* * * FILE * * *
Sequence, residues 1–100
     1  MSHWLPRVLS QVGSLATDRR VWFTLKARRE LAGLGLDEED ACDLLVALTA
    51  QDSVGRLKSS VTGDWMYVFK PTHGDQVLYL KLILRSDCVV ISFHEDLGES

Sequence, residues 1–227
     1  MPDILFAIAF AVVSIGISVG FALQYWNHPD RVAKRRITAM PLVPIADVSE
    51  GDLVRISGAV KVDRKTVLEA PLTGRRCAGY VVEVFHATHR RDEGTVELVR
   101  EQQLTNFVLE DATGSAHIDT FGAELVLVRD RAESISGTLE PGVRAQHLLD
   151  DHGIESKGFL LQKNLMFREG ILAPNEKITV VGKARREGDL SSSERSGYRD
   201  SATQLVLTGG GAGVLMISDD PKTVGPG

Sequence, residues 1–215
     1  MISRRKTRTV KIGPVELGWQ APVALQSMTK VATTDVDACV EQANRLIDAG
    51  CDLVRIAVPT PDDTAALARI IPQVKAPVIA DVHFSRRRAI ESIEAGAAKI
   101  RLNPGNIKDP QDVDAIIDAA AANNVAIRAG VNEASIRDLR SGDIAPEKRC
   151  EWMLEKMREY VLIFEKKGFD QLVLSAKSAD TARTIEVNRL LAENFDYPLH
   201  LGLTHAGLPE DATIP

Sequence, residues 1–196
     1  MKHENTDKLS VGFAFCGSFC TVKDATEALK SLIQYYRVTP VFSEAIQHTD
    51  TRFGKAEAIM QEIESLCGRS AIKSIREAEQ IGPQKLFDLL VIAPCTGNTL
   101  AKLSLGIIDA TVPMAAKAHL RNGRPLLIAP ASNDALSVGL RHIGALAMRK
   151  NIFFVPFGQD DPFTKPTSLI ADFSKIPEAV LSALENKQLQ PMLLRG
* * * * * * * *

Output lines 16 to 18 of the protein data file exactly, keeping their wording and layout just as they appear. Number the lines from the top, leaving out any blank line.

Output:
Sequence, residues 1–196
     1  MKHENTDKLS VGFAFCGSFC TVKDATEALK SLIQYYRVTP VFSEAIQHTD
    51  TRFGKAEAIM QEIESLCGRS AIKSIREAEQ IGPQKLFDLL VIAPCTGNTL